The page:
Trustee dispute over divorce settlement costs charity $6m in legal fees

09 Oct 2017 News

The Children’s Investment Fund Foundation has spent $6m (£4.5m) so far on legal costs to settle a dispute between two trustees who are going through a divorce.

Sir Christopher Hohn, a billionaire hedge fund manager, set up the charity alongside his wife Jamie Cooper in 2003. The couple separated in 2014 after 15 years of marriage.

Hohn, who made donations totalling $37m (£28m) to CIFF in 2017, has also said he is no longer willing to make any further charitable donations to the foundation, “until and subject to the outcome of the outstanding litigation”.

This follows a High Court judgement made in June that ruled that the Children’s Investment Fund Foundation must give another charity, BIG Win Philanthropy, run by Cooper, £280m.

In the charity’s recently published accounts it states that this is “because, in his view, he can no longer be certain that the statutory rights of members to approve (or reject) payments for loss of office of trustees, will not be overridden by the Court”.

The accounts state that the total legal costs incurred by the foundation total over $6m, which includes those made from the year ending August 2014 up to the end of May 2017.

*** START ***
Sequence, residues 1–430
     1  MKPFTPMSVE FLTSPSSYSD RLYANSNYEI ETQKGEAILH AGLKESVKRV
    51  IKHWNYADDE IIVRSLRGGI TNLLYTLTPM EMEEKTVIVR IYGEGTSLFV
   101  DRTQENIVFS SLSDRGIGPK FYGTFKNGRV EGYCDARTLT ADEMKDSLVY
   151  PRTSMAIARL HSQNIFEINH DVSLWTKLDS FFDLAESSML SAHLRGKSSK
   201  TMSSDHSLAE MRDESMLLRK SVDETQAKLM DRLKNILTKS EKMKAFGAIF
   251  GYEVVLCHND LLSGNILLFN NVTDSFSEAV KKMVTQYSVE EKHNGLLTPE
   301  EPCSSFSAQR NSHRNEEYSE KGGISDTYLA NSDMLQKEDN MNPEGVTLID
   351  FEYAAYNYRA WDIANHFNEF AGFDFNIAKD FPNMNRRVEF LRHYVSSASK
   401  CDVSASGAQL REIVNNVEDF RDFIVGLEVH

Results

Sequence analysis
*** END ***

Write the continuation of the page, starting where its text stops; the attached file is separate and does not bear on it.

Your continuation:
It said that in the event of an appeal, “further costs are likely to be incurred subject to the advice and approval of the Charity Commission”.

'Reinventing ourselves'

CIFF’s latest annual report covers the 16 months from September 2015 to December 2016.

In the 16 months ending 31 December 2016, CIFF’s total incoming resources totalled $314m (£239m). The previous set of annual accounts showed a total of $247m (£188m) of income in the year up to 31 August 2015.

Staff costs were $14m (£11m) in the 16 month period, compared to $11m (£8m) in the 12 months previous.

In the accounts, chair Graeme Sweeney wrote: “Supported by an endowment of $4.7bn, CIFF is the world’s largest philanthropy that focuses specifically on improving children’s lives. And as the foundation embarks on its teenage years, it is reinventing itself. Not because we have changed our mission, but because we have decided to be bolder. Whatever the challenges, we are determined to help solve some of the biggest problems facing children.

“There was much change during the 16 months covered in this annual review (September 2015 to December 2016, “The period”). This included the appointments of a new board, myself as the new chairman and a new chief executive, Kate Hampton. At the same time, throughout this period of change, we have not deviated from our core mission: improving the lives of children around the world.”


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